In Minnesota, voters rejected a measure that would define marriage as a union between one man and one woman, and which would have therefore made same-sex marriage illegal. This doesn't mean that same-sex marriage is now legal in Minnesota, but it does leave open the possibility of it becoming legal in the future.

In Washington state, voters were asked to approve a new state law that legalised same-sex marriage in the state. At the time of writing the law seems headed for approval, with 52 per cent voting in favour of same-sex marriage.

Colorado and Washington State voted in favour of an amendment to the state constitution that legalises "the production, possession, and distribution of marijuana" for persons 21 and older — putting it on a similar footing with alcohol and cigarettes.

Massachusetts has voted to legalise marijuana for medical purposes, 63/37.

Illegal immigrants
Maryland voters approved a local version of the proposed DREAM Act, a long-debated federal program that provides a pathway to American citizenship for illegal immgrants. Obviously, the Maryland result won't change federal immigration policy, but as a result of this vote undocumented immigrants will pay the same as citizens for tuition at public colleges, provided they complete certain schooling requirements beforehand. It's a huge boost for immigrant families, reducing the cost of tuition by over 70 per cent.

No other state has approved such a law through a popular vote, and the voters of Maryland did so 58/42 — an even greater margin than the one by which it passed through the state legislature.

Minnesota voters rejected an amendment that would require all voters to show photo ID at polling places. Photo ID became a big issue in this election after many Republican legislatures moved to make it necessary to vote. Many argued that this unfairly targeted elderly, minority and young voters — all key Democratic demographics.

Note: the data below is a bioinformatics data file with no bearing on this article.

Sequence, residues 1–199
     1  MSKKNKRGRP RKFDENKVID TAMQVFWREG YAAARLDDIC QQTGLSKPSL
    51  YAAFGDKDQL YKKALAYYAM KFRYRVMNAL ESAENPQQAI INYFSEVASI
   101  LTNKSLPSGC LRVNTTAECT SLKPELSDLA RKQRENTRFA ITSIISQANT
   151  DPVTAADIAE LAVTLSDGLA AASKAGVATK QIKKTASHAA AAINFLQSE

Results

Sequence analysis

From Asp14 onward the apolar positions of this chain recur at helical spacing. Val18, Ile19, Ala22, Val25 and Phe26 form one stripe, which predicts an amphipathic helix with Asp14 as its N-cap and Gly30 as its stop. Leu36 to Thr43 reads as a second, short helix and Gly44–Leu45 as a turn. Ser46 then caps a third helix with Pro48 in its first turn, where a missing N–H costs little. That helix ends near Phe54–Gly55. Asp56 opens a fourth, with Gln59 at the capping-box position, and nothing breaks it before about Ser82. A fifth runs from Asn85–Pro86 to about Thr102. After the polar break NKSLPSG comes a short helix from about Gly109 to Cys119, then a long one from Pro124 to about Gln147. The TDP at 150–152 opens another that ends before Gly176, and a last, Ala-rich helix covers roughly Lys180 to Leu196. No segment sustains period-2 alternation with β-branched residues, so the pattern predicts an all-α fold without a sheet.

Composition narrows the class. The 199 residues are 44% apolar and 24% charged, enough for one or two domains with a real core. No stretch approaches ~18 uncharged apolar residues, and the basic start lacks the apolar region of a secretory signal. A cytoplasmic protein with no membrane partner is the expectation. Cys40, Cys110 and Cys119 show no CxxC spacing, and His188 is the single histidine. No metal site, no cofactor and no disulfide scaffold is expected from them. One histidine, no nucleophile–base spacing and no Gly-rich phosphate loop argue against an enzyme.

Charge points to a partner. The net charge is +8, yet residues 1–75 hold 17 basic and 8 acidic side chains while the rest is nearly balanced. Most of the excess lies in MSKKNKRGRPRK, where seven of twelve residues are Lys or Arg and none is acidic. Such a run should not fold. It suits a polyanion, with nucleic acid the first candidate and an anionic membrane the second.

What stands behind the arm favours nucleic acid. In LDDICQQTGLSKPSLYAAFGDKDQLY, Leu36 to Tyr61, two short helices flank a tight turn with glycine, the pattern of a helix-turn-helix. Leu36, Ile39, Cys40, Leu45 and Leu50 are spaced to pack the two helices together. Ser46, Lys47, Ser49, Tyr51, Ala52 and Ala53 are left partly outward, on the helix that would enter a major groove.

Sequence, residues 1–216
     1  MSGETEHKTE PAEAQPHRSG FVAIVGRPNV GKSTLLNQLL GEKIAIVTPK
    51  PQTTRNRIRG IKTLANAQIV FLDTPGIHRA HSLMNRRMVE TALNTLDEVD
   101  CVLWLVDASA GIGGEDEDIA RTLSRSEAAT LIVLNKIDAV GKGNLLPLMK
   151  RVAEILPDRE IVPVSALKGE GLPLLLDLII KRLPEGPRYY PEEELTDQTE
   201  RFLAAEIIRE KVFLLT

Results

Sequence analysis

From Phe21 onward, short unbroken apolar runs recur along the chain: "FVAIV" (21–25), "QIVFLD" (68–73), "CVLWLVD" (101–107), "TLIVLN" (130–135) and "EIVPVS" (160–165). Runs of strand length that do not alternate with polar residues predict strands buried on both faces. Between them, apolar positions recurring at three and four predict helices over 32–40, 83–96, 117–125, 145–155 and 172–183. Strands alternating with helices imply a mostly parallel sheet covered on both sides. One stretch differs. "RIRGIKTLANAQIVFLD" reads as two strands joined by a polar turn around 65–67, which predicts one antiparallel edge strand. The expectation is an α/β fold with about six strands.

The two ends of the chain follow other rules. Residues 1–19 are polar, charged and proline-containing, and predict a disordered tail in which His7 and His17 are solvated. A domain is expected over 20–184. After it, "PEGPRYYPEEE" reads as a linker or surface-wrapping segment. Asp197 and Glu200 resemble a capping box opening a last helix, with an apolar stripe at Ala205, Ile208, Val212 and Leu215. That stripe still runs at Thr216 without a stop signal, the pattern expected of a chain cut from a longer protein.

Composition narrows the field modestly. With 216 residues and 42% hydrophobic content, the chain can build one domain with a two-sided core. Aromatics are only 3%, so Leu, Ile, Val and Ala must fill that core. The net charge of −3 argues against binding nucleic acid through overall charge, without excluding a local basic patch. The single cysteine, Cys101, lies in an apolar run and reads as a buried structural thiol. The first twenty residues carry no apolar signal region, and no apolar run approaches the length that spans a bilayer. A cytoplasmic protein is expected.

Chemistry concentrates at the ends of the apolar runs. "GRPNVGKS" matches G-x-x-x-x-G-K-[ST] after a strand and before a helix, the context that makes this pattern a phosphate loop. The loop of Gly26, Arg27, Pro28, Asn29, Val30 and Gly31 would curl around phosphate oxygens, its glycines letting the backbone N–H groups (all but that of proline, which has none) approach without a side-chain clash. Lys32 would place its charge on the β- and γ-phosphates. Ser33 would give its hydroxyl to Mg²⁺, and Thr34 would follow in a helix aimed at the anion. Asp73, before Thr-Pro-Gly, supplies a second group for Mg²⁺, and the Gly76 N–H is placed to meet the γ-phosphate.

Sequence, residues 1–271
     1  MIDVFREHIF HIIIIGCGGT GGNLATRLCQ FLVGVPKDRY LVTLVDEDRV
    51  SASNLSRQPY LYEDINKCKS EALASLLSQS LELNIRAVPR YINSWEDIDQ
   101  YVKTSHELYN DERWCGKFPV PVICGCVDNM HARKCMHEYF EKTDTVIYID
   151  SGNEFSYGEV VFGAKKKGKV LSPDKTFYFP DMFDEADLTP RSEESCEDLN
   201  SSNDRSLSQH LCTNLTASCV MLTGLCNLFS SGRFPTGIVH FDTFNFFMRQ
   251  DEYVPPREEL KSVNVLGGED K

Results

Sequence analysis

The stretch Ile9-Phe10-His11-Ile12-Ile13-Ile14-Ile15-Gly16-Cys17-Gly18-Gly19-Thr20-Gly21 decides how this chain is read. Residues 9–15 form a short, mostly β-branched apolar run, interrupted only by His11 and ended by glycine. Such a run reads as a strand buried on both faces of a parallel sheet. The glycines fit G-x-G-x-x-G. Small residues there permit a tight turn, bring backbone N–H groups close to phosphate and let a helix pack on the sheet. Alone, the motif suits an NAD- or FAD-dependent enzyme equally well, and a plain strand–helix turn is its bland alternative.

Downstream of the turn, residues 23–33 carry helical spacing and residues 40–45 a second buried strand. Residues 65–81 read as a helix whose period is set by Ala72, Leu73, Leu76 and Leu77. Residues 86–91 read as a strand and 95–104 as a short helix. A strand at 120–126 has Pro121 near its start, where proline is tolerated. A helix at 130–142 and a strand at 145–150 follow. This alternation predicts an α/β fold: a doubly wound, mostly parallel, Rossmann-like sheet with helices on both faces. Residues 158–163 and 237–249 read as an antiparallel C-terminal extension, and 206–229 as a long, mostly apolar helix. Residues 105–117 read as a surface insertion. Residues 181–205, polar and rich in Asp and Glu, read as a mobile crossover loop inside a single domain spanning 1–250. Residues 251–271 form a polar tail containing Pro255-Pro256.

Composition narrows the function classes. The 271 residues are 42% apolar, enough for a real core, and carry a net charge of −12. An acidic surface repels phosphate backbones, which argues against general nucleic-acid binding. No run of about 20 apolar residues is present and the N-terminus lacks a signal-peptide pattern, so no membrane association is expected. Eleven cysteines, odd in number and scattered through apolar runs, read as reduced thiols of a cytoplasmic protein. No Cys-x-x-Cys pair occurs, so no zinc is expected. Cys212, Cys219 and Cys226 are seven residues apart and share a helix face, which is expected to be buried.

Californians vote to raise taxes on the wealthy
Proposition 30, which temporarily raises taxes on those earning above $250,000 a year, passed with almost 54 per cent of the vote. And it did so with high-profile support, with Stephen Spielberg and music mogul David Geffen among its backers.

Granted, California is a reliable Democratic stronghold in presidential politics, but this result could signal the beginning of the end for the Republican ideal of "trickle-down economics" — giving tax cuts to the wealthy in the belief that that money will work its way through the economy to the poor — a cornerstone of conservative economics since Ronald Reagan.

Corporations are people, my friend. (Well, not in Montana...)
In Montana, voters overwhelmingly supported an amendment to that state's constitution that clearly states that corporations are not people, and are not entitled to constitutional rights such as free speech.

This amendment essentially undoes the Supreme Court's 2010 Citizens United ruling that established that political spending by corporations cannot be restricted by the federal government — a ruling that attracts much of the blame for the obscene amounts of money spent by Super PACs and billionaires in support of their chosen candidates.

Puerto Rico — the 51st state?
Nearly 54 per cent of Puerto Rican voters voted in favour of statehood, which could ultimately see the tiny island become America's 51st state. Currently the island is a territory of the US and is not represented in government, save for one non-voting observer of Congress, and statehood would see them accorded two senators as well as five Congressional representatives. It would also make the island eligible for an extra US$20 billion or so of federal funding.

No one really expects Puerto Rico to achieve statehood any time soon, even though President Obama declared he would make their case to Congress should a clear majority vote in favour of it. But even if this is just the beginning of the process, it's still a significant moment in American history.

Where to now for the Republicans?
Whatever happens between now and 2016, the simple fact is that the Republican base is dramatically shrinking. They have to find some votes somewhere, and two of the demographics where their support is weakest are women and Latinos. Winning votes here will require a significant change in reproductive rights and immigration policy, but the party has been so intransigent on these issues that even a single reasonable policy proposal could go a long way to regaining support.